First, Donald Trump called for making his proposed ban on Muslims wider and accused the Muslim community of knowing about these kinds of attacks and not doing enough to stop them. And now I want you to listen to how the president reacted today.


BARACK OBAMA, UNITED STATES OF AMERICA PRESIDENT: We now have proposals from the presumptive republican nominee for President of the United States to bar all Muslims from immigrating to America.

We hear language that singles out immigrants. And suggests entire religious communities are complicit in violence. Where does this stop? Do republican officials actually agree with this? Because that's not the America we want. It doesn't reflect our democratic ideals.


LEMON: You can see the president was really angry. Why do you think that he chose today to deliver such strong remarks, Frank?

BRUNI: I think because it's coming right out of what Donald Trump said in the aftermath of the Orlando massacre. I think there's a part of him that can't believe that Donald Trump is sticking to this idea of a Muslim ban.

I think he's extremely worried about where this could lead the country. He's right to be worried. I think he also -- it's interesting. He said do republican officials agree with him.

And I think part of what he's doing and again, he's right to do it, he is challenging republicans to come out and say we don't see this the way Donald Trump does. And Paul Ryan said something along those lines this morning.

I think he's challenging republicans to say we repudiate some of Donald Trump's remarks and I think he wants it to be clear that those are fringe remarks. We hope they're fringe remarks and not the direction the country is going to go in. [22:45:03] LEMON: Yes. His arguments really, they're -- his arguments

doesn't resonate with some republicans. But Donald Trump responded just a short time ago, Frank, and let's look at that.


DONALD TRUMP, (R) U.S. PRESIDENTIAL CANDIDATE: And I watched President Obama today and he was more angry at me than he was at the shooter. And many people said that.


One of the folks on television said, boy, has Trump gotten under his skin. But he was more angry -- a lot of people have said this the level of anger, that's the kind of anger he should have for the shooter and these killers that shouldn't be here.


LEMON: So, is he really addressing the substance of what the president said right there?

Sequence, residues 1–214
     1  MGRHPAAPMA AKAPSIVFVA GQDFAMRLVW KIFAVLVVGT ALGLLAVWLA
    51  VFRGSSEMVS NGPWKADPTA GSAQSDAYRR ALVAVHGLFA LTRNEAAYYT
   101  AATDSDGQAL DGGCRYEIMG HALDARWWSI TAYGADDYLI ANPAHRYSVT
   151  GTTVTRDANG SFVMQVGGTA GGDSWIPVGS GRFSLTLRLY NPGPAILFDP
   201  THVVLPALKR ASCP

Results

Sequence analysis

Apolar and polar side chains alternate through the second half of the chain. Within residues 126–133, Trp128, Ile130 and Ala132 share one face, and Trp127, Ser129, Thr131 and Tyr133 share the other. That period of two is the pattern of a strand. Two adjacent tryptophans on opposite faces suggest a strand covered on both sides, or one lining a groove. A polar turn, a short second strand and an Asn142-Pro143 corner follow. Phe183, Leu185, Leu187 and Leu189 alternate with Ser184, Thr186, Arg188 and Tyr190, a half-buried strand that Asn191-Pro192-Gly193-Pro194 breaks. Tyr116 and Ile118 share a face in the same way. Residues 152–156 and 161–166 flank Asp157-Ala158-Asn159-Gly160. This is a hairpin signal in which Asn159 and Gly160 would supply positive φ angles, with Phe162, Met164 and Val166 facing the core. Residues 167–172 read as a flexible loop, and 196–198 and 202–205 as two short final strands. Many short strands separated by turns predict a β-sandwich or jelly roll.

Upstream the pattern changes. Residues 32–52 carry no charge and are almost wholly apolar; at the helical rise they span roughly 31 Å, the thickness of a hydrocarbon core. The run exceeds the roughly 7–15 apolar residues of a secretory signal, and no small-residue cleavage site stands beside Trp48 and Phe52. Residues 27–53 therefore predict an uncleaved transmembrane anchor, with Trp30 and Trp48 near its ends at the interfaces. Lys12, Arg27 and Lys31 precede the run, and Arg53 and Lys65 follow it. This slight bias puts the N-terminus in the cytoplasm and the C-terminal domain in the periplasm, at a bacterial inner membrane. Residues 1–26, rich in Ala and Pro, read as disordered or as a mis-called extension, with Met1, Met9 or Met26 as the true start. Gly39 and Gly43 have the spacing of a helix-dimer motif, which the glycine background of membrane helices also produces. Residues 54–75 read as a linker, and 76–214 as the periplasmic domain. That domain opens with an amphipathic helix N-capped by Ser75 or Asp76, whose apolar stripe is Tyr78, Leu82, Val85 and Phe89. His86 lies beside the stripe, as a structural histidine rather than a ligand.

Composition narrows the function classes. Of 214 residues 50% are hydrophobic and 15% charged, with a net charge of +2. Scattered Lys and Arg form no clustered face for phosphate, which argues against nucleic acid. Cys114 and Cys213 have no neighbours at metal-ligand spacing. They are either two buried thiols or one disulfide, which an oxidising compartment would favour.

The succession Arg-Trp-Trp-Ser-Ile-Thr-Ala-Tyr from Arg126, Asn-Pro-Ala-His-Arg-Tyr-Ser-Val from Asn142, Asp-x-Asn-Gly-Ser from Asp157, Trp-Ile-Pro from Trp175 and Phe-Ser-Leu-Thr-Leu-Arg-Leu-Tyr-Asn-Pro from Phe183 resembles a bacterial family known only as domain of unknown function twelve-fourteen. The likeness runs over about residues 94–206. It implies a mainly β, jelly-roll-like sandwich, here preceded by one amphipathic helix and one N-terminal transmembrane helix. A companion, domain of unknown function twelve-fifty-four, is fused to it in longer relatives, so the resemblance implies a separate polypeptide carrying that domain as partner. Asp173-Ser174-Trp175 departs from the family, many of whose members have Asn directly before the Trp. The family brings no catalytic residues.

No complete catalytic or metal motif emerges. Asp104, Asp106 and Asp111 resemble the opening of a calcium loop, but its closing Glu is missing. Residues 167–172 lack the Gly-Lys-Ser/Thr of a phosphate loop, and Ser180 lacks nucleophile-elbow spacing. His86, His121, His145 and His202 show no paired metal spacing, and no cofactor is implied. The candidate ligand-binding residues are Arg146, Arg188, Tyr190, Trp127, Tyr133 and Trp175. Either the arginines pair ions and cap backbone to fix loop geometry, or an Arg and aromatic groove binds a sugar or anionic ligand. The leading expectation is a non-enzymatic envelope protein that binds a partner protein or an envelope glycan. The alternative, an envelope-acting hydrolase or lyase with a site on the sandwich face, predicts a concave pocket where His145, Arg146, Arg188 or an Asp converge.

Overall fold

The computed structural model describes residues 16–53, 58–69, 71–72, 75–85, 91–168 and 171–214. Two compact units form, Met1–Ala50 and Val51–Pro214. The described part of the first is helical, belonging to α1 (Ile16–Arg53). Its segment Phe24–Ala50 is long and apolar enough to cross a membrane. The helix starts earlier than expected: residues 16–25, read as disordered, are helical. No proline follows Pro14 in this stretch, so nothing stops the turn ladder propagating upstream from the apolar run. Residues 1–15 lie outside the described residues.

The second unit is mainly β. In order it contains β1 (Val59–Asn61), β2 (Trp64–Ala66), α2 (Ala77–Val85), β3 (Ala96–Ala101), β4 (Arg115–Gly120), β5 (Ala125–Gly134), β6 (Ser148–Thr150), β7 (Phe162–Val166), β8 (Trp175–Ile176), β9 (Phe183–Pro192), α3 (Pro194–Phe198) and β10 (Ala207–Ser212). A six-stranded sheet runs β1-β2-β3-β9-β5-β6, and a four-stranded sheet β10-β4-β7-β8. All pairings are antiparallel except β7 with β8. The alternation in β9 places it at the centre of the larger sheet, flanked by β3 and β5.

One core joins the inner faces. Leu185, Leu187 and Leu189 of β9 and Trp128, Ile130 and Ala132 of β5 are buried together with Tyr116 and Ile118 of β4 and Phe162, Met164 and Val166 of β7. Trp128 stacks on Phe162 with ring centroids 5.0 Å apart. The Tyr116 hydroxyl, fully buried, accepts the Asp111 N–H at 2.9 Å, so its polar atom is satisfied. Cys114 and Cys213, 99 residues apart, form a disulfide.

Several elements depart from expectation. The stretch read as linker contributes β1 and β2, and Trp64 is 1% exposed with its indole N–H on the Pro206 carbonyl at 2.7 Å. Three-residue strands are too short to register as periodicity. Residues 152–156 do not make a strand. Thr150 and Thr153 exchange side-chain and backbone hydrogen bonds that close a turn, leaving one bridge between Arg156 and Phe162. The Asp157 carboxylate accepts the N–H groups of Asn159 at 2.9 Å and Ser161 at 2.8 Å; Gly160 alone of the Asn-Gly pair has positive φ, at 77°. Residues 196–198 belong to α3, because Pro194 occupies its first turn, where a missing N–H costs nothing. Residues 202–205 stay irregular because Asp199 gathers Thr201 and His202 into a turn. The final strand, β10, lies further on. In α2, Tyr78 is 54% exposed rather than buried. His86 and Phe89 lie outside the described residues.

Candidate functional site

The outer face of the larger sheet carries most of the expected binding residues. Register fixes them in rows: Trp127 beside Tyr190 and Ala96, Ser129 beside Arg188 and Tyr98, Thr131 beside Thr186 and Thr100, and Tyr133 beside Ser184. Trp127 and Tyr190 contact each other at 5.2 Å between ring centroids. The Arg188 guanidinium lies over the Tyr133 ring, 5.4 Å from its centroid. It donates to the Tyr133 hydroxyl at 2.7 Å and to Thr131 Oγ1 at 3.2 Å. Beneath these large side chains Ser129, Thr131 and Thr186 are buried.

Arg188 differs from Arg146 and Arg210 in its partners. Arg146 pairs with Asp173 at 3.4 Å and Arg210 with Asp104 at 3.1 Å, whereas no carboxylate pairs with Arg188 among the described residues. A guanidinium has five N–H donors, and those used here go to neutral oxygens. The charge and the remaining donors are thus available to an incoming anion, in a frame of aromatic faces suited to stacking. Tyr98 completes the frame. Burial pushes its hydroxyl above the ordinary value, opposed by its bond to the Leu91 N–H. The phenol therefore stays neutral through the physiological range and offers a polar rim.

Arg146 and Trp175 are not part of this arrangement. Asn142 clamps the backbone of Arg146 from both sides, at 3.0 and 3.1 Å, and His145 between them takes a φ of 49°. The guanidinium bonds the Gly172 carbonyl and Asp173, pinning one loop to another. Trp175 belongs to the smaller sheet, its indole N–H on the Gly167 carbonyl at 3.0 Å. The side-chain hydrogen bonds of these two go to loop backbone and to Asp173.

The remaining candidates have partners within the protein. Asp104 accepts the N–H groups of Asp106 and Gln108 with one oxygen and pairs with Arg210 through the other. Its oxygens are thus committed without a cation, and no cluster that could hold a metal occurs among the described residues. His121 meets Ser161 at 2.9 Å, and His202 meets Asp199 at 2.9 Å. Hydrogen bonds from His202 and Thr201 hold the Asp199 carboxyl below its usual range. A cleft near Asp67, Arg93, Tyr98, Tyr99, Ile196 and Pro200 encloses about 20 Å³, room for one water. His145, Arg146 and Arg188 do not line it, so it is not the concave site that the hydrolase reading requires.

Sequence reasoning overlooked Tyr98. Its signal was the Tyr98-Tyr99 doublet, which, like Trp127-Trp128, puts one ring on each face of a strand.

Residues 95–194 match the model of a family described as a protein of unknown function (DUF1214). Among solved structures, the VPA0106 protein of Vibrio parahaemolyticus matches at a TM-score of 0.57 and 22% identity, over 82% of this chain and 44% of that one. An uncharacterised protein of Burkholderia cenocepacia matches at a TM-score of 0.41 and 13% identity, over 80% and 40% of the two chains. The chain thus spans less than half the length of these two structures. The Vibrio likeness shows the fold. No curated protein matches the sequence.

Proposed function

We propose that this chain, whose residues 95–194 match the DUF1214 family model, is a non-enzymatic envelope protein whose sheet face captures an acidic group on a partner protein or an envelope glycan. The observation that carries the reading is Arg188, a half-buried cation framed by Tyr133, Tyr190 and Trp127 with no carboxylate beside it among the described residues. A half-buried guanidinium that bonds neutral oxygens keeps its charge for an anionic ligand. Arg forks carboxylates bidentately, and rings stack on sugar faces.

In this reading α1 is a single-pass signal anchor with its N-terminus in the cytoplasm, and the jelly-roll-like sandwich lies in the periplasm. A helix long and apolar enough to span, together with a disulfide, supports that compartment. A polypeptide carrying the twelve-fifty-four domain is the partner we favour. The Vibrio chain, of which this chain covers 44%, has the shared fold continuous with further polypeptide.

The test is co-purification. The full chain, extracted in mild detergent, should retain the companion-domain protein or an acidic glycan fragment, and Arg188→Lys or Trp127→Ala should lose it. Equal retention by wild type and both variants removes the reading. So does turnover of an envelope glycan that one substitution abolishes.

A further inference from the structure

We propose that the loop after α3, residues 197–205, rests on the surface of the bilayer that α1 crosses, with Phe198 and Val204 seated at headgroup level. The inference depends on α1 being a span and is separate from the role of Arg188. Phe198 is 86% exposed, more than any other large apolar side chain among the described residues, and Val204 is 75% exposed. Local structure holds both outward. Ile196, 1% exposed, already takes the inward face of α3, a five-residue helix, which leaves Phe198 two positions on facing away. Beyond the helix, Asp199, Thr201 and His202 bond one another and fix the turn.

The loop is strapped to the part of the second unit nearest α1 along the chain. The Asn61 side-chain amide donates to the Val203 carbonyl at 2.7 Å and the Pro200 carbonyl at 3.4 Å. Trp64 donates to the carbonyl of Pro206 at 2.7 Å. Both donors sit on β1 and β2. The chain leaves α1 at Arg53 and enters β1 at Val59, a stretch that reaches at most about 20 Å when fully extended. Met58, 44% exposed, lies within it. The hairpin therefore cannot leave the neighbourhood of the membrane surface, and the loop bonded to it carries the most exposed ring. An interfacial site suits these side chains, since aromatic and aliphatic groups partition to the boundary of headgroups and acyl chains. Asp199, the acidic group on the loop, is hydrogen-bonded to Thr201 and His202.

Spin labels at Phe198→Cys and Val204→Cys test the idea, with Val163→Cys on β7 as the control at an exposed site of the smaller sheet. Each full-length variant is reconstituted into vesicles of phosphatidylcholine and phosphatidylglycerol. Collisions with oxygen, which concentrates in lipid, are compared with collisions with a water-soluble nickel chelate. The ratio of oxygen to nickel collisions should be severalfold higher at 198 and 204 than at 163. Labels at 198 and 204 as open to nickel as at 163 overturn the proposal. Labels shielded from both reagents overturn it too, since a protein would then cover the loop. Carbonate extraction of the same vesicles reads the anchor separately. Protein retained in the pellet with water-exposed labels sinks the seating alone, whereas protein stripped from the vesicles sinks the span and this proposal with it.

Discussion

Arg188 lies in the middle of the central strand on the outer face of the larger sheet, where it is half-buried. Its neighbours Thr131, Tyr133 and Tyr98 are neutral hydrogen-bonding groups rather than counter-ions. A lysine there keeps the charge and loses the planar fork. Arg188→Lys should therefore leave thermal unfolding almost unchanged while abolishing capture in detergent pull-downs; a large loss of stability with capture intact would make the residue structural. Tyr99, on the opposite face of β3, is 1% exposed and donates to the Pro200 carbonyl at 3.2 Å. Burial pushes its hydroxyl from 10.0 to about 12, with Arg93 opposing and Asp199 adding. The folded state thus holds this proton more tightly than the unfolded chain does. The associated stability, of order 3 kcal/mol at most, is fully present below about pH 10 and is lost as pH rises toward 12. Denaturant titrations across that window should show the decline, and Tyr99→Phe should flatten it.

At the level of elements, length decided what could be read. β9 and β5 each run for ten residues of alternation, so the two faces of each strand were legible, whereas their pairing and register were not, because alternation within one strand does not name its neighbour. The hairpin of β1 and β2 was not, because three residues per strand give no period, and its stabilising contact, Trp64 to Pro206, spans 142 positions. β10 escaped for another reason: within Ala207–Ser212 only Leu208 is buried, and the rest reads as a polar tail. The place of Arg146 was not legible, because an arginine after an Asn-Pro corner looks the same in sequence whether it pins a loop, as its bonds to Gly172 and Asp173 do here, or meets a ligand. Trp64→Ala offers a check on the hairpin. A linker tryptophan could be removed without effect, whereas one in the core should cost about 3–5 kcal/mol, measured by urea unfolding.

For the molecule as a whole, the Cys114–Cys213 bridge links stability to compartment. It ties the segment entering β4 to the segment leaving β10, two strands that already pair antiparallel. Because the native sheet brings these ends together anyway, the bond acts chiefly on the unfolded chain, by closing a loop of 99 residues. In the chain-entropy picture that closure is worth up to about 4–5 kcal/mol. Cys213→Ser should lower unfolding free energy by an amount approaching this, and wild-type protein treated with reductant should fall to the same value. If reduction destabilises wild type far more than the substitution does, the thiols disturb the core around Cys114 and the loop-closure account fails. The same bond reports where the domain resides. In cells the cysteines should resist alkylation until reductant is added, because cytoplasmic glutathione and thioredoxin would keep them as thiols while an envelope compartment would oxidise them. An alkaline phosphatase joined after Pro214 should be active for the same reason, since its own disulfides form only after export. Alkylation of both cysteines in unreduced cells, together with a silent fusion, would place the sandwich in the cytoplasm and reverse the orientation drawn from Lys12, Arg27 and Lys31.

BRUNI: No. In a weird way, he seems to continue to be taking a victory lap of sorts. I mean, you know, again in that -- in those remarks he said people have said to me, wow, Trump is really getting under the president's skin.

It seems that Donald Trump cannot go more than a minute in remarks of any kind without complimenting himself on his potency without complimenting himself on his ability to predict the future.

I mean, in the hours right after this, and on your network the morning after the massacre, he kept on drawing attention to the fact that he said that things were going to happen. That he suggested things that might solve this. The amount of self-congratulation in the remarks of Donald Trump since 50 people died, it really kind of astounds me.

LEMON: Yes. You know, he's also attacking the president and Hillary Clinton for refusing to use the label radical Islamist -- radical Islamic terrorist. Listen to this.


OBAMA: What exactly would using this label accomplish? What exactly would it change? Would it make ISIL less committed to trying to kill Americans? Would it bring in more allies? Is there a military strategy that is served by this? The answer is none of the above. Calling a threat by different name does not make it go away.


LEMON: So, as I said earlier, some republicans are speaking out against him. But his argument resonates with a lot of republicans. Is he winning that war of words or has he overplayed his hand during this tragedy? BRUNI: You know, I don't know. But I do think -- I don't care much

about the semantics of that sort of that thing. I think the president says came good questions. But I do think it's incumbent upon democrats Hillary Clinton to make clear they understand Americans' fears and they're not walking on eggshells to an extent where they are ignoring fear or doing all that's necessary to make sure we keep the country safe.

LEMON: All right. Frank Bruni, I want you to stay right there. More of our live coverage from Orlando, next.


BOLTON: Back now live from Orlando where 28 victims from the massacre at the Pulse Club remain in the hospital.